Record Breaking Journey | Lands End to John O'Groats on a Paddle Board
My journey with Paddle Against Plastic began in 2015 on the tiny, remote Scottish island of Tiree. Its white sands and turquoise water are home to an incredible amount of wildlife; its beaches were strewn with multicoloured, indestructible plastic.
I started to notice plastic wherever I went surfing and felt the need to show people this issue on our home shores. I also wanted to connect people to the simple and positive solutions that we can all be proud to be a part of.
So I began using stand up paddle boarding adventures to capture peoples’ imagination and connect them to the issue of plastic pollution in our oceans.
I have just completed a 1000 mile, World Record journey the length of the UK; the first person to stand up paddleboard from Land’s End to John O’Groats. It took just under 2 months and involved paddling 20-40 miles and 8-14 hours a day, through gale force winds, dangerous tidal races, loneliness, hunger, fear, panic, exhilaration and joy.
I embarked upon the journey with the greatest respect for the powerful ocean. Despite checking conditions carefully and carrying comprehensive safety kit, I was still alone at sea, often several miles off shore and vulnerable.
Over the course of two months I paddled up the Cornish and North Devon coasts, accompanied by dolphins up the Bristol channel and into the canals at Gloucester. I popped back out on the coast at Blackpool, continued up the Cumbrian coast and crossed the 20 mile Solway Firth to Scotland where I faced one of the biggest challenges of the trip, the Mull of Galloway. Here nine tides meet and the water movement around the point is responsible for centuries of shipwrecks, standing waves, tidal races and overfalls.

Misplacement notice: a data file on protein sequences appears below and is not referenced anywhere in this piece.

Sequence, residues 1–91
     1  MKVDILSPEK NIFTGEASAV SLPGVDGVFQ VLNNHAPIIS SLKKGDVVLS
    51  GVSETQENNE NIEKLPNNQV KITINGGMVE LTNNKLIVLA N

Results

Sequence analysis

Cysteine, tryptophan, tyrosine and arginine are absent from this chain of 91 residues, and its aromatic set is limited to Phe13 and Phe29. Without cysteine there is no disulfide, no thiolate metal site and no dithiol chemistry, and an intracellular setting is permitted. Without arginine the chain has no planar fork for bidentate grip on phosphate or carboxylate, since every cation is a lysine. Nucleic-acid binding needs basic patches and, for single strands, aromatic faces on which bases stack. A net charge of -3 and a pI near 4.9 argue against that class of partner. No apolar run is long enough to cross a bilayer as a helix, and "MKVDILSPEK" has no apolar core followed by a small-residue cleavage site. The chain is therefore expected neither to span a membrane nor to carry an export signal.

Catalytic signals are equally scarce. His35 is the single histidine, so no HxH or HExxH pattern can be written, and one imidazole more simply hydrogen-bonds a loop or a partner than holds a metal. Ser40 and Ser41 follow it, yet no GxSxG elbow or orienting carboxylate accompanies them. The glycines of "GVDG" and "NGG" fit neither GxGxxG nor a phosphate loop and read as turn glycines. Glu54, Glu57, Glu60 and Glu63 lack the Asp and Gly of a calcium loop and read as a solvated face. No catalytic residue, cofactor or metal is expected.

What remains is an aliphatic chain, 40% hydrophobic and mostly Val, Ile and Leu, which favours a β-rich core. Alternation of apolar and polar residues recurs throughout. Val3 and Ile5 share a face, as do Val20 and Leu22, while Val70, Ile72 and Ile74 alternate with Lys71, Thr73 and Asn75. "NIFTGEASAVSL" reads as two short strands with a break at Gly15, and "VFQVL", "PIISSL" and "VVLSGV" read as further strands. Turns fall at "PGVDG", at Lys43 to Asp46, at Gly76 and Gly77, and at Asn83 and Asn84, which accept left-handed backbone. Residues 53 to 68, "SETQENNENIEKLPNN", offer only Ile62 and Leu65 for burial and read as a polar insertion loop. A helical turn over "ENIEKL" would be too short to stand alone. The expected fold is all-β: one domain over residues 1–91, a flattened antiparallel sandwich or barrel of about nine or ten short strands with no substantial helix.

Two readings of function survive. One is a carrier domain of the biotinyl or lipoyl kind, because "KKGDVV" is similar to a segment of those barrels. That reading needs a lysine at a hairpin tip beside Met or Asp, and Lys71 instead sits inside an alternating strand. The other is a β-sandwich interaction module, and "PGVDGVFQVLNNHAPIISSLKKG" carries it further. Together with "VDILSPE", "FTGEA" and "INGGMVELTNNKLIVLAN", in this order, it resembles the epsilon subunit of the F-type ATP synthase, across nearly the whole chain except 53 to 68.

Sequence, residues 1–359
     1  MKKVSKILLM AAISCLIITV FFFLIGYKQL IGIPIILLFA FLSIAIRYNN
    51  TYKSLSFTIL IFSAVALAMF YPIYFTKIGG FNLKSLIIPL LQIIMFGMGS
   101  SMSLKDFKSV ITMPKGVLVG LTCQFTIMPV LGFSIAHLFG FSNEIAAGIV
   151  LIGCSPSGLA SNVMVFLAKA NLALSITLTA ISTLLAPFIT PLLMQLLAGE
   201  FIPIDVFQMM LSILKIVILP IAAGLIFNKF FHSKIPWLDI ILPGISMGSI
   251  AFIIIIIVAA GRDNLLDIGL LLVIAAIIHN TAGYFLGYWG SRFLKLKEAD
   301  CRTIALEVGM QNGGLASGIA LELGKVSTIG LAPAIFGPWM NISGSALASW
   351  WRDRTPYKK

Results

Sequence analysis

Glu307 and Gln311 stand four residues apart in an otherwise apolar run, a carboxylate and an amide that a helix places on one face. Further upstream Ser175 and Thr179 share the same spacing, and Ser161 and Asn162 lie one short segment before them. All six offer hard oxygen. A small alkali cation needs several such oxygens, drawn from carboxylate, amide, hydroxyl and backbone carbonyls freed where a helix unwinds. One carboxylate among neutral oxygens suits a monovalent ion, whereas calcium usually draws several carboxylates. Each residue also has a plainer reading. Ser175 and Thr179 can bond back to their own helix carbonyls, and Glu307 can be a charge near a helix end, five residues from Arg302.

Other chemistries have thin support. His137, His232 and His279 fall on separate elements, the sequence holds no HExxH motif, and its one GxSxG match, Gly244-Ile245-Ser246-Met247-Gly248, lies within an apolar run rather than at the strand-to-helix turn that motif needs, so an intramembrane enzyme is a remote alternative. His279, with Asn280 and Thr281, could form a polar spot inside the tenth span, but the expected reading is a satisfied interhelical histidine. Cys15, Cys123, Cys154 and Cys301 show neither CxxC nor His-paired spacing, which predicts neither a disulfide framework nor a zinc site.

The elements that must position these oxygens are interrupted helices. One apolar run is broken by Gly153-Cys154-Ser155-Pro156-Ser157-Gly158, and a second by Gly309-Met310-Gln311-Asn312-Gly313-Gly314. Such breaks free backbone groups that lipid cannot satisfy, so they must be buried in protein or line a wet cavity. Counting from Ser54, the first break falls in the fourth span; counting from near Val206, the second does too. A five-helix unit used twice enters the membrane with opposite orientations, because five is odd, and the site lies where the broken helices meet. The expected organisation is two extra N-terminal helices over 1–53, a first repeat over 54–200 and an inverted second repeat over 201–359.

The only window where tides and winds were favourable was at 3am. I paddled through the night, setting off just after dark, to reach the Mull at the right time, through disorientating darkness, waves and fear.
My journey continued up the West coast of Scotland, through the Caledonian canal to Inverness, then up the East coast of Scotland where 100 metre cliffs towered above, lined with thousands of noisy sea birds, and seals played in kelp forests below. Wildlife and rugged beauty interspersed with plastic-covered beaches.
Plastic pollution was everywhere. Beaches home to seals piled high with single use plastic. Bags, bottles and fishing rope floating in the sea. Canals teeming with bird life; ducklings paddling past plastic bottles. In just one hour on the canals in Wigan I counted 691 plastic bottles.
The hotspots were around cities. 80% of marine litter originates from land based sources; the connection between the single use plastic that we are using inland and that ending up in the ocean was terrifyingly apparent when paddling up the River Severn past countless plastic bottles, bags and balloons all flowing directly out to sea.
It is estimated that by 2050 there will be more plastic in the ocean than fish. However, there is hope for the future. The momentum in the fight against plastic pollution is growing, and we need to ensure this continues. Despite the severity of the problem, we can all be part of the solution and proud of the small changes we can make.
Larger organisations, companies and the government are responding to consumer pressure by making tangible changes to reduce plastic usage at source. In response to the 38.5 million plastic bottles we use in the UK every single day, individuals are dedicatedly switching to refillable water bottles, and cafes and bars offering free tap water refills.
Our work is far from done! A conversation with a lady in Scotland, who could not believe that the plastic pollution I was describing to her was in her homeland, reiterated the need to keep highlighting that this is close to home for all of us.
I hope to join up the gaps of coastline that I haven’t yet paddled, and to keep inspiring people to find a connection to nature, both for the sake of our physical and mental wellbeing, and to nurture a love for our wild spaces, and the resultant desire to protect them.
Images courtesy of James Appleton Photography